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Japan PM points to beefed-up military in speech
January 28, 2013 , 4 : 20 pm
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Japanese Prime Minister Shinzo Abe delivers his first policy speech in the lower house plenary session at parliament in Tokyo pledging that he would not keep stimulus spending "forever" in a policy speech. Pic: AFP
Japan faces a "diplomatic and security crisis", Prime Minister Shinzo Abe said Monday, a day after his defence minister announced plans to strengthen the military amid a bitter dispute with China. The proposal to raise the defence budget by 40 billion yen ($441 million) or about 0.8 percent in the year starting from April sparked criticism from Beijing.
The plan also calls for a small increase in personnel for the 228,000-strong military, the first such rise in about 20 years.Abe, in his first speech to parliament since taking office last month, spoke of "continuous provocations" faced by his country, "causing us to face a diplomatic and security crisis".
"By taking full measures to develop, manage and safeguard remote islands near our borders, I declare now that, under this cabinet, we will firmly defend the lives and property of Japanese people as well as our territories, territorial waters and territorial airspace," he added.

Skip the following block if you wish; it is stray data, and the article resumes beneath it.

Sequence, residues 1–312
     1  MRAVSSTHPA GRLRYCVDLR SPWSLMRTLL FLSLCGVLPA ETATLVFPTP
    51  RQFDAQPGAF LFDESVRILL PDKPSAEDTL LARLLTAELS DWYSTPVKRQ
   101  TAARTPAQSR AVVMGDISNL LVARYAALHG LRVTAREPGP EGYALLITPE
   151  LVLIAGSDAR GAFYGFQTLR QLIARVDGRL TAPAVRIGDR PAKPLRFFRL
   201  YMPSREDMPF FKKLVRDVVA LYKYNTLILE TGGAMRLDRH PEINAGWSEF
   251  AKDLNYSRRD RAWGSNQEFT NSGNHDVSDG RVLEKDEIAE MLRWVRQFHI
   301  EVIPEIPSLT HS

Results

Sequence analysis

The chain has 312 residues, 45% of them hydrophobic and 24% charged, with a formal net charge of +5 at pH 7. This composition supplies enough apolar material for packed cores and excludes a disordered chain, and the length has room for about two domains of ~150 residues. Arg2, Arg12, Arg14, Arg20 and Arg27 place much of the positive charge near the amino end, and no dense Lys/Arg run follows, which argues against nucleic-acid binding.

Tokyo's plans sparked criticism from Beijing amid the sovereignty dispute over an East China Sea island chain. "Japan's moves in the military and security field will always be a high concern for its Asian neighbours," foreign ministry spokesman Hong Lei told reporters in Beijing.
"We hope the Japanese side can be committed to peaceful development, respect the concerns of the regional countries, take history as a mirror and do more for regional peace and stability."
Japanese Defence Minister Itsunori Onodera announced the proposed spending rise on Sunday. He also said the military would add nearly 300 personnel to help defend the disputed islands which Tokyo calls the Senkakus but are known as the Diaoyus in China.
"With this budget, our existing aircraft can become fully activated. We will be able to build a stronger system" to monitor our territory, Onodera said.
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